Before the drafting of the Weimar Constitution was finished an inevitable event occurred which cast a spell of doom over it and the Republic which it was to establish. This was the drawing up of the Treaty of Versailles. During the first chaotic and riotous days of the peace and even after the deliberations of the National Assembly got under way in Weimar the German people seemed to give little thought to the consequences of their defeat. Or if they did, they appeared to be smugly confident that having, as the Allies urged, got rid of the Hohenzollerns, squelched the Bolshevists and set about forming a democratic, republican government, they were entitled to a just peace based not on their having lost the war but on President Wilson’s celebrated Fourteen Points.
German memories did not appear to stretch back as far as one year, to March 3, 1918, when the then victorious German Supreme Command had imposed on a defeated Russia at Brest Litovsk a peace treaty which to a British historian, writing two decades after the passions of war had cooled, was a “humiliation without precedent or equal in modern history.”2 It deprived Russia of a territory nearly as large as Austria-Hungary and Turkey combined, with 56,000,000 inhabitants, or 32 per cent of her whole population; a third of her railway mileage, 73 per cent of her total iron ore, 89 per cent of her total coal production; and more than 5,000 factories and industrial plants. Moreover, Russia was obliged to pay Germany an indemnity of six billion marks.
The day of reckoning arrived for the Germans in the late spring of 1919. The terms of the Versailles Treaty, laid down by the Allies without negotiation with Germany, were published in Berlin on May 7. They came as a staggering blow to a people who had insisted on deluding themselves to the last moment. Angry mass meetings were organized throughout the country to protest against the treaty and to demand that Germany refuse to sign it. Scheidemann, who had become Chancellor during the Weimar Assembly, cried, “May the hand wither that signs this treaty!” On May 8 Ebert, who had become Provisional President, and the government publicly branded the terms as “unrealizable and unbearable.” The next day the German delegation at Versailles wrote the un bending Clemenceau that such a treaty was “intolerable for any nation.”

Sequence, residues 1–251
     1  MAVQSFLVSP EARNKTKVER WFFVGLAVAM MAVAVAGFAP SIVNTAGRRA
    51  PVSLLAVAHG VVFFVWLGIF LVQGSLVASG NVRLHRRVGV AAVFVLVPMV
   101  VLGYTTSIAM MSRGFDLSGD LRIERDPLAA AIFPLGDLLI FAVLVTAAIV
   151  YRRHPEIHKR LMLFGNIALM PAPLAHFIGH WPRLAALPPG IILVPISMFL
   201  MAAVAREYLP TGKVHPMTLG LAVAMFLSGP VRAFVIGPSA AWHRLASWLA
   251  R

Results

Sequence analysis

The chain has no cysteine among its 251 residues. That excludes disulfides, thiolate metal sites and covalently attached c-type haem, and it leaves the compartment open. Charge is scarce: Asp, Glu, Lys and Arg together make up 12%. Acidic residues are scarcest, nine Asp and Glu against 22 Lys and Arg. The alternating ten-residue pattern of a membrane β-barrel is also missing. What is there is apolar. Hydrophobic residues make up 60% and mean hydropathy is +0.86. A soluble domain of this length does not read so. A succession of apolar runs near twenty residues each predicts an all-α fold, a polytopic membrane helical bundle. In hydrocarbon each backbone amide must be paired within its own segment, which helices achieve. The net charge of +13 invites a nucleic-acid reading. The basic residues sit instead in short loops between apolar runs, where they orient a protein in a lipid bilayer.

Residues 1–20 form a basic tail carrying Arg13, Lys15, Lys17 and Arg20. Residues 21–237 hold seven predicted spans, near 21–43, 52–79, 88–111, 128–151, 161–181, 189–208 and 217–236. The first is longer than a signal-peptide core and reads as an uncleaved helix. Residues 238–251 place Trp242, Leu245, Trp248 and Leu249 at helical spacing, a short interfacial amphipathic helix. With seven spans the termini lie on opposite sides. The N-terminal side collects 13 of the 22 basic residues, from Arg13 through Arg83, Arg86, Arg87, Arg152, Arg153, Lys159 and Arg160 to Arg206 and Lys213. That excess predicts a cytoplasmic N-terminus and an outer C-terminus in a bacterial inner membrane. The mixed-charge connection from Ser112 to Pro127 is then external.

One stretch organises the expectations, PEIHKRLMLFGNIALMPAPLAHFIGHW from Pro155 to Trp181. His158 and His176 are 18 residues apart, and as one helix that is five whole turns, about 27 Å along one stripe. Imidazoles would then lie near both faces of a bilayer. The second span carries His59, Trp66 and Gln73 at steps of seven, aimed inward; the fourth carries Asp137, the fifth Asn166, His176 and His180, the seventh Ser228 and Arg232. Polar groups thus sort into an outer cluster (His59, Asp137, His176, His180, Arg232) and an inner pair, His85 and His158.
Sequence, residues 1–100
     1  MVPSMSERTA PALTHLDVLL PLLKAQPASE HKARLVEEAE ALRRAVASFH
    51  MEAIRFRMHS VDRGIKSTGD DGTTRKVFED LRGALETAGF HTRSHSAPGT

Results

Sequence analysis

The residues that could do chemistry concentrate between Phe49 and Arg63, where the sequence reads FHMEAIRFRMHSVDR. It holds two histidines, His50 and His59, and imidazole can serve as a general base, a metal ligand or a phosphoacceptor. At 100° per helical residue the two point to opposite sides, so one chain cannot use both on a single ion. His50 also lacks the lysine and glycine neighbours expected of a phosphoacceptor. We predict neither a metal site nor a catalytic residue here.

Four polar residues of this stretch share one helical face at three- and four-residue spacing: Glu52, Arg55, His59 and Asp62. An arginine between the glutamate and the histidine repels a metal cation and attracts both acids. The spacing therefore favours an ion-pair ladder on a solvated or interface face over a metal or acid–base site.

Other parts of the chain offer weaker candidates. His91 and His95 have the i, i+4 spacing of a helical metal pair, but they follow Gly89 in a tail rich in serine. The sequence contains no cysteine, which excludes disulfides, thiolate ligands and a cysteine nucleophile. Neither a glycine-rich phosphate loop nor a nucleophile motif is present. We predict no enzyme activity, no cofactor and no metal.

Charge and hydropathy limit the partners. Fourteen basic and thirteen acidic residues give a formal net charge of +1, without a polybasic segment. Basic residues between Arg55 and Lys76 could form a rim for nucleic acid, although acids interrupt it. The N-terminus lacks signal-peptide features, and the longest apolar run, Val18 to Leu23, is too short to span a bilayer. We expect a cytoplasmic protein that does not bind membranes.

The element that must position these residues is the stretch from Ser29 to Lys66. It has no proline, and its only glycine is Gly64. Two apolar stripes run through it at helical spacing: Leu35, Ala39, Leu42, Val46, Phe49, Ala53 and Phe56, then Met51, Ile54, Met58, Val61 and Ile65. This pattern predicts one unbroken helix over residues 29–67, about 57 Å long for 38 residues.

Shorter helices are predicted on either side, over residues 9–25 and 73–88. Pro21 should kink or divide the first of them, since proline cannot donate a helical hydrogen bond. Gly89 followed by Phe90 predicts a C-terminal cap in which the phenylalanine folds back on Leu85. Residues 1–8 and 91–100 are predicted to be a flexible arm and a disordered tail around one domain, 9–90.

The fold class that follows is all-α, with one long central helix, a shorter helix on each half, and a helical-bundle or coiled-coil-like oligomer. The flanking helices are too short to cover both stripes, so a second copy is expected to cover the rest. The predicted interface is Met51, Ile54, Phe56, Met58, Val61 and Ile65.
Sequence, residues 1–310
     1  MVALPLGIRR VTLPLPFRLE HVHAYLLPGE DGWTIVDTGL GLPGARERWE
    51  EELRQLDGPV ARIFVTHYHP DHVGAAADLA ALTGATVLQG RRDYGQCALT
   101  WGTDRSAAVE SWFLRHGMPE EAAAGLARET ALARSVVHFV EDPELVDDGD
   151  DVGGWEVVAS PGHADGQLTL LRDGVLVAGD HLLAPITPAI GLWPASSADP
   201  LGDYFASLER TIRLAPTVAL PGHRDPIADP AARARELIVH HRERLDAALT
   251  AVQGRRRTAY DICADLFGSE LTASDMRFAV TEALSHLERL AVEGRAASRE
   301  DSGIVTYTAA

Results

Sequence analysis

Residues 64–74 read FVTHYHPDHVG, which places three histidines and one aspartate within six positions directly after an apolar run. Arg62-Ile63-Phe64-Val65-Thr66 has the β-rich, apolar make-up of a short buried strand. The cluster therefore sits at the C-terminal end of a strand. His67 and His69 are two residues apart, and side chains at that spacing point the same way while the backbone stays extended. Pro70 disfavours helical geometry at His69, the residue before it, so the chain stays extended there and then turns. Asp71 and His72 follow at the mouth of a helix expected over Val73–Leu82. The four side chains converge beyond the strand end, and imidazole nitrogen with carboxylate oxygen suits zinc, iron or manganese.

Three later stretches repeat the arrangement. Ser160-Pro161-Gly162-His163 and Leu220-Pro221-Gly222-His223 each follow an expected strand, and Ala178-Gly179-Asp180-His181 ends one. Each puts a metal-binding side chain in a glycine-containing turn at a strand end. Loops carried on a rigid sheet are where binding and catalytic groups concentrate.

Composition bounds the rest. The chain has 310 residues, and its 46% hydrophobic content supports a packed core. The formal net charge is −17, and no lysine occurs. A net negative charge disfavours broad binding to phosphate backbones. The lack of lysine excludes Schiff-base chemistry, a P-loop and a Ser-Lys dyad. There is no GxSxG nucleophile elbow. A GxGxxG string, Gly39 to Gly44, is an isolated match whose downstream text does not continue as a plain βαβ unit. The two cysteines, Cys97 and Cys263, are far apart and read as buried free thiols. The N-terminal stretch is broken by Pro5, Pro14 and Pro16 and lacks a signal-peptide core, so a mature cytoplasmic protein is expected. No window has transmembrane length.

What was so intolerable about it? It restored Alsace-Lorraine to France, a parcel of territory to Belgium, a similar parcel in Schleswig to Denmark—after a plebiscite—which Bismarck had taken from the Danes in the previous century after defeating them in war. It gave back to the Poles the lands, some of them only after a plebiscite, which the Germans had taken during the partition of Poland. This was one of the stipulations which infuriated the Germans the most, not only because they resented separating East Prussia from the Fatherland by a corridor which gave Poland access to the sea, but because they despised the Poles, whom they considered an inferior race. Scarcely less infuriating to the Germans was that the treaty forced them to accept responsibility for starting the war and demanded that they turn over to the Allies Kaiser Wilhelm II and some eight hundred other “war criminals.”
Reparations were to be fixed later, but a first payment of five billion dollars in gold marks was to be paid between 1919 and 1921, and certain deliveries in kind—coal, ships, lumber, cattle, etc.—were to be made in lieu of cash reparations.
But what hurt most was that Versailles virtually disarmed Germany* and thus, for the time being anyway, barred the way to German hegemony in Europe. And yet the hated Treaty of Versailles, unlike that which Germany had imposed on Russia, left the Reich geographically and economically largely intact and preserved her political unity and her potential strength as a great nation.